Review: Vengeful Guardian: Moonrider
Raker? Runner? Rider.
This is Joymasher's fourth major game, following Oniken, Odallus and Blazing Chrome. It would be dishonest to call any of those games original, rather they were loving homages to the likes of Ninja Gaiden, Castlevania, Contra. I've seen this latest effort, Moonrider, described as a Hagane-like; I'm relatively unfamiliar with that late-era SNES title so Moonrider became a journey I'd be taking alone, unburdened by comparison. And, while I had fun, I found it a little wanting compared to all its predecessors.
Taking control of the Moonrider itself, a samurai-esque mech armour armed with a powerful sword and the capacity to utilise Mega Man style special attacks, you select a stage (as per Blazing Chrome) and head out into the world to kick everything's head in. Visually, it's all quite gorgeous, if perhaps a little lacking in variety. You'll see a lot of rusty red/brown metal, but such is life in a twisted metropolis. There's superb, Nazca-level detail in the enemy sprites as well as your own attack animation, but I felt that at times I didn't quite sync with the game. Moonrider controls smoothly, with a run that's activated via a double-tap on the D-pad or holding the right trigger (I used an Xbox Series controller for review), but there were occasions where I felt like control was given over to the game; I'd hit jump and the lad just wouldn't jump. Perhaps a side-effect of my getting hit, because enemies here are hyper-aggressive. And that's okay, it's not a "git gud" situation, but losing a life because you can't jump so you take an additional hit and fall into a fit losing another chunk of life only to respawn in harm's way and immediately die? It don't feel good.
That's okay though, because by coincidence the first stage I beat gifted me a ridiculously useful weapon that hits over and over again on a single shot, which I then used to make absolute chumps out of the remaining bosses. It's actually a bit of a shame, because said bosses can be fun if you actually fight them properly, but with limited lives and the risk of being kicked back to the start of a level, what's my incentive to do anything other than utilise all the tools the game has to offer?
Hidden items crop up in each stage, though I ran into the occasional annoyance of discovering things I wasn't yet able to actually get. A pet peeve, but also possibly just me being stupid, so maybe a non-factor. These secrets offer you upgrades akin to Mega Man X, of which any two can be equipped at a time. I spent most of the game with a double-jump and a chip that revived me at half health if I died, which to be honest I rarely did once I got the first boss weapon. It seems, to my dismay, that balance has taken a bit of a vacation here; not an issue I've had with Joymasher before, but a troubling outcome. I'd blitz through much of the game only to suffer at sticking points, such as a particular mid-air mini-boss with rather too missable tells on its attacks, so I'd get into a loop of taking hits and falling to my doom. Of course, I got over it and made progress, but these kinds of things leave a bad taste in the mouth. You know what it reminded me of? Mega Man X5 and X6, right down to some borrowed mechanics from the latter. If you're taking inspiration from Mega Man X6, you're doing something wrong.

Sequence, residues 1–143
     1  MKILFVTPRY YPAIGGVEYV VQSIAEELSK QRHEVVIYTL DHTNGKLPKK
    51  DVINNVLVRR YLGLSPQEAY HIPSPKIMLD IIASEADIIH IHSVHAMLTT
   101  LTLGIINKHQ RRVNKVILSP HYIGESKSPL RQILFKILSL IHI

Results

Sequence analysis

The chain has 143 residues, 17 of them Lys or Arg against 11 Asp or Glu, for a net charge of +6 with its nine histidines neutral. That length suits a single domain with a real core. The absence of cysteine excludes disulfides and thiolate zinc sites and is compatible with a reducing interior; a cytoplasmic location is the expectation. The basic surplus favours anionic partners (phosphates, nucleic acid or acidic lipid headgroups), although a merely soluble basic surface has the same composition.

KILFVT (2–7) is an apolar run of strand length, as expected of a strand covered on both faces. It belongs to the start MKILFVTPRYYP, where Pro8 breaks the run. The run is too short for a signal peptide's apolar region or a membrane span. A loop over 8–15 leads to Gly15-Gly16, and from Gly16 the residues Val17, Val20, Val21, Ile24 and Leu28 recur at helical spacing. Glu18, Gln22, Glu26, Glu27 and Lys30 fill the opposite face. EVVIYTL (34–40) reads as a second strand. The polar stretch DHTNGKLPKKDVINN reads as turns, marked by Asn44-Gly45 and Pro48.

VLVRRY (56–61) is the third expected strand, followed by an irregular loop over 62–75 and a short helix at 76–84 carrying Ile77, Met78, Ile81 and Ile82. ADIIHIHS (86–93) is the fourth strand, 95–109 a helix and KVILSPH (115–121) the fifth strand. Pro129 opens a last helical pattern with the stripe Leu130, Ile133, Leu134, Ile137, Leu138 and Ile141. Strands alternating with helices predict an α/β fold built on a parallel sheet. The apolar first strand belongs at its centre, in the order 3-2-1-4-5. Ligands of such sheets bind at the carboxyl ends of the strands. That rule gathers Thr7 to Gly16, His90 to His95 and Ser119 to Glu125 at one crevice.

Yet, I'm being far too negative - it is a good game, and can be lots of fun when you get into the groove of it. The problem is that it's by turns wanting you to be trepidatious and expecting you to be slick and fast and to move, move, move. Enemies take barely an instant to lock onto you, and will suck up more than a full combo's worth of sword attacks. Yeah, you can dodge 'em, but it feels wrong. You managed to avoid an onslaught and counterattack, your reward should be progress, not repetition. I feel like I'm whining about difficulty, but that's not it - the problem here is rhythm. It's just not quite right, where Oniken and Odallus absolutely nailed their pacing.
It is enjoyable - and the bike level is a cute change of pace - but Moonrider is, to my hands and brain, Joymasher's weakest game. You may enjoy it far more than I thanks to a familiarity with what it's trying to do, what it's mimicking, but I think it's a nudge and a wink too far, bypassing accessibility in favour of spectacle. It showcases what a fine balancing act it takes to homage the past without falling into familiarity.